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How to Build a Good Relationship with Your Banker

Keeping a good relationship with your banker can ensure that you and your business are never caught off guard.
Keeping a good relationship with your banker can ensure that you and your business are never caught off guard. Photo Credit: Tompkins Mahopac Bank

PUTNAM COUNTY, N.Y. -- The business world continues to change at warp speed. For small businesses, however, one thing remains constant: the importance of good relationships.

This is especially true at a time when corporations are getting larger and even significant clients are being driven to a computer or phone for “customer service.” Small business owners know that building relationships with customers is crucial to their success. It’s also based on building relationships with vendors, such as your banker.

"After serving the financial needs of small and mid-sized businesses for many years at Tompkins Mahopac Bank, I’ve learned that the best relationships come from the trust that’s based on frequent and honest communication as well as personal contact," said Ron Ferri, Vice President and Small Business Lending Manager.

So how do you develop a good relationship with your banker? Here are some recommendations:

  • Talk and meet with your banker as often as you can. As a business owner you deserve regular meetings. Schedule them quarterly or at least twice a year. Face to face meetings – they don’t have to be long – give you the opportunity to update your banker on what’s going on and to ask questions. Feel free to call him or her simply to discuss an idea you have. They can provide valuable feedback based on the many clients they’ve worked with.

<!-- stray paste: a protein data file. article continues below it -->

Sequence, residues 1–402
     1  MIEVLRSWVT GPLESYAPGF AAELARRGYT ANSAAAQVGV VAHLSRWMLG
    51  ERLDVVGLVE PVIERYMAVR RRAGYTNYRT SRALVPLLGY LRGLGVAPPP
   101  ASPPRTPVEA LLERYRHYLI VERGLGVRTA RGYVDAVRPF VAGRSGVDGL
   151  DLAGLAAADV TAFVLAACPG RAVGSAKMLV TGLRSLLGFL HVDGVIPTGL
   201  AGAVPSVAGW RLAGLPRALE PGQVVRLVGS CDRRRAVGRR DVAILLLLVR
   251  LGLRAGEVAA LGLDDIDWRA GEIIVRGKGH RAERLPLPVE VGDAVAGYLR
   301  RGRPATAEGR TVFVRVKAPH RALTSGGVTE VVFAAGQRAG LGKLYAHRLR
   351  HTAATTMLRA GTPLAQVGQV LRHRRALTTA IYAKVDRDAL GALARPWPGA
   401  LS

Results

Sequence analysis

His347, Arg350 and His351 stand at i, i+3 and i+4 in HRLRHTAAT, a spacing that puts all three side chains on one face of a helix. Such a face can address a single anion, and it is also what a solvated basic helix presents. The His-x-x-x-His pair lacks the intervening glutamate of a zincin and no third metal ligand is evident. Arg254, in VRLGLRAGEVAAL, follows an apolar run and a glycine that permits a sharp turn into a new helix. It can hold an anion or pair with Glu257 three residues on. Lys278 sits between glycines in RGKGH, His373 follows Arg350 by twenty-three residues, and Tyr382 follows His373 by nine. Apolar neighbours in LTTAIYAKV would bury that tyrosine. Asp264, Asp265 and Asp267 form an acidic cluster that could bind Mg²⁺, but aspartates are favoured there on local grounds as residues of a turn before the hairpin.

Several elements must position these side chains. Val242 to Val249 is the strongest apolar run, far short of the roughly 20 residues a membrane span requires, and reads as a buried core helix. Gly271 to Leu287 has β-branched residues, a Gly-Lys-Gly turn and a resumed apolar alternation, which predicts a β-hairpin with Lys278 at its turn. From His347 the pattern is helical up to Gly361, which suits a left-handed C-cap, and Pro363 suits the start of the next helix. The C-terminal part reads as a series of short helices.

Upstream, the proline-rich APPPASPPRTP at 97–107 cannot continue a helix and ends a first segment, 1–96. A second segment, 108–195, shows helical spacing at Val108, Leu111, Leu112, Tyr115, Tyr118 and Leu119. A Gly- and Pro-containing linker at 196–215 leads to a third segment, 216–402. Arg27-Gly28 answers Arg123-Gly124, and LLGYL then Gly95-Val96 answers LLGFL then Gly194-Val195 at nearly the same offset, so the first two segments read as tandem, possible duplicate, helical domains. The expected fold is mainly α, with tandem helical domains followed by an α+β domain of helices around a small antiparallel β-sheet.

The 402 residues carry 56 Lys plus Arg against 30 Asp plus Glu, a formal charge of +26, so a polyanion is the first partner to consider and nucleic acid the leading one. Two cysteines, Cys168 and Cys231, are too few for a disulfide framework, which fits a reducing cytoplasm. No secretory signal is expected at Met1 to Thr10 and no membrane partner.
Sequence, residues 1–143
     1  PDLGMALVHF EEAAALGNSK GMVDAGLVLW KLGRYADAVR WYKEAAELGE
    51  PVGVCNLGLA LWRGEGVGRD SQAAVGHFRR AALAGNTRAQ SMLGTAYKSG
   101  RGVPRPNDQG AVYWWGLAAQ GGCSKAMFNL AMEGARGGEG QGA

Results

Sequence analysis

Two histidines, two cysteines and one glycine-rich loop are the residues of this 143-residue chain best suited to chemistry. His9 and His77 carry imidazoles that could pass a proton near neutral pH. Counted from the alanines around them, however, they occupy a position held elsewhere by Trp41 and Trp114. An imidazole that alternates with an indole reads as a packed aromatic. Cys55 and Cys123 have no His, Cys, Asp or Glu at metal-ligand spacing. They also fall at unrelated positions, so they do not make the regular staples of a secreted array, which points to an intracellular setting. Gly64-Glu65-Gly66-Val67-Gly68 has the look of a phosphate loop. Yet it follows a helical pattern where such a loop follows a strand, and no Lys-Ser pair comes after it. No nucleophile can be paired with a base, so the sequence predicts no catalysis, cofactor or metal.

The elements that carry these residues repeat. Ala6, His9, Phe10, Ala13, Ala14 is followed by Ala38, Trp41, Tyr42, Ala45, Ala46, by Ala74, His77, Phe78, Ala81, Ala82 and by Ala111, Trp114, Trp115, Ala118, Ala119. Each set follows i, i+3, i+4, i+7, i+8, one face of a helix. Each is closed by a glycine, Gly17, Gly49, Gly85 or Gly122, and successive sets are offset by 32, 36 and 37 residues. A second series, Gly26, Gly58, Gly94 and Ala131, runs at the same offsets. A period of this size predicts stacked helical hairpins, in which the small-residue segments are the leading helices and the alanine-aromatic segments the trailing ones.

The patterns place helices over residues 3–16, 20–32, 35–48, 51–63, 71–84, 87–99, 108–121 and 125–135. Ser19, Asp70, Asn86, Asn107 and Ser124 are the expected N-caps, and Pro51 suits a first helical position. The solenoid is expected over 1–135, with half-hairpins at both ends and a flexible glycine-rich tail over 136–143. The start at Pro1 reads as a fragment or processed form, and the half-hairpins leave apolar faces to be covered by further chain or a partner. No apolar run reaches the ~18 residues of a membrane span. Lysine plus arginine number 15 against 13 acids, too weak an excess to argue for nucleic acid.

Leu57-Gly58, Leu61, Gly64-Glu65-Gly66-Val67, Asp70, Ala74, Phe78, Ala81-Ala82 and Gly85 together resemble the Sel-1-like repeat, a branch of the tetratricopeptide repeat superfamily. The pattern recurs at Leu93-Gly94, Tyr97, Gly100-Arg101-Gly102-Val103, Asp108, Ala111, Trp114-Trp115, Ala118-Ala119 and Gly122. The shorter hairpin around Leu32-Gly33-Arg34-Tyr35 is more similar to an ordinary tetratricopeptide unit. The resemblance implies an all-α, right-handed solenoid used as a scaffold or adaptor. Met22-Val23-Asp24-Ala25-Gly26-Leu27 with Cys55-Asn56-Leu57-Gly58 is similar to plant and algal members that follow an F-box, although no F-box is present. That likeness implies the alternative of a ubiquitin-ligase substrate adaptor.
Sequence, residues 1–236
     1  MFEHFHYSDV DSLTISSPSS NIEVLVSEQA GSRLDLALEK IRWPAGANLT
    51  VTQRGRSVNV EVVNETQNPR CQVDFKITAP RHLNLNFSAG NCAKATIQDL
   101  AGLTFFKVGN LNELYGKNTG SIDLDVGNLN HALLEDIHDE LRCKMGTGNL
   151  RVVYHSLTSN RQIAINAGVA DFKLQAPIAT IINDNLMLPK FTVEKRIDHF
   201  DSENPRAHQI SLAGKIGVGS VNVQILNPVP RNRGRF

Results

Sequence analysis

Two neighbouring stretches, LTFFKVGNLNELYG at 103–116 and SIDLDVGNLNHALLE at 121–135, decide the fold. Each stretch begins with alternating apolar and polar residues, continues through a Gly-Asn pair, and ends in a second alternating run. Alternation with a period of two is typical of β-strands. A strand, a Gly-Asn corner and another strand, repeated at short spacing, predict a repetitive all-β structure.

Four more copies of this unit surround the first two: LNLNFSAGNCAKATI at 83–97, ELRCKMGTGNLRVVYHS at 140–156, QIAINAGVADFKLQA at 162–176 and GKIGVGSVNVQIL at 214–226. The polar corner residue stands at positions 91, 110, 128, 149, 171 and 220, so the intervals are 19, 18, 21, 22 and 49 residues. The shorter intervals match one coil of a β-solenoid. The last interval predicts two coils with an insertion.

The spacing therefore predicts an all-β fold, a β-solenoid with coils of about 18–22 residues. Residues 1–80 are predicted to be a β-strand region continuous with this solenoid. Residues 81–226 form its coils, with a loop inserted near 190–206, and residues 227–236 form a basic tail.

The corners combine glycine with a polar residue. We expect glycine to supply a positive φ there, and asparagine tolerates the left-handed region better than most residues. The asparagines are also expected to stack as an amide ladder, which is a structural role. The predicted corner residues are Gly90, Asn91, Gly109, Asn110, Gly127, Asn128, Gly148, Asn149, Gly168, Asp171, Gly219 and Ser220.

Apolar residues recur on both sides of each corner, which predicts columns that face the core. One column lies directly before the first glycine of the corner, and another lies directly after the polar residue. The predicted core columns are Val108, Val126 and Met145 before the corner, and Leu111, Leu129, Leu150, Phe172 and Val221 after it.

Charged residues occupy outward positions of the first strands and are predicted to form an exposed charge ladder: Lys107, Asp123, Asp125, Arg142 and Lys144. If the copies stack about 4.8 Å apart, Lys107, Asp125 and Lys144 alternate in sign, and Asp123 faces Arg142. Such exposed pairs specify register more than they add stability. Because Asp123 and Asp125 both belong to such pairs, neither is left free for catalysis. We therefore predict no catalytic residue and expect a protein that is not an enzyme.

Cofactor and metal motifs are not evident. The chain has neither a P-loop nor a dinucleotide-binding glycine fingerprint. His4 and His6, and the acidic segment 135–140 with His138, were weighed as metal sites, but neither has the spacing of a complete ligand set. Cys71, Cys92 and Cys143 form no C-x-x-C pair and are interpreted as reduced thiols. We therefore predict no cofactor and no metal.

• Give your banker a good sense of your day-to-day operations and your future plans. A relationship-focused banker wants to understand all of your business, not just book the loan and move on to the next customer. Let them know ahead of time if you’re planning to hire new staff, thinking about purchasing new equipment or want to expand your physical operations.
  • All businesses encounter problems at some point. If you see a potential problem ahead, don’t be afraid to tell your banker. They have helped customers work through problems before and can recommend strategies to preserve equity and cash flow.
  • Introduce your banker to other members of your management team. Get them comfortable with each other. As a small business owner, it’s good to have another senior person who can work with the bank when you’re not available.
  • Provide timely and accurate financial information, most importantly your income statement, balance sheet, and monthly and year-to-date expense reports. You and your banker need this knowledge to determine your financing needs. Without it, you may be making a profit now, but you won’t have the information you need to make good decisions for the future.

Finally, think of your banker as a member of your team, not as a “necessary evil.” The bankers at Tompkins Mahopac Bank invest a lot more than money in their clients. They want them to succeed, because it’s good business and it benefits both parties, which are the hallmarks of a good relationship.

Daily Voice produced this article as part of a paid Content Partnership with our advertiser, Tompkins Mahopac Bank

We are highly selective with our Content Partners, and only share stories that we believe are truly valuable to the communities we serve.

To learn more about Content Partnerships, click here.

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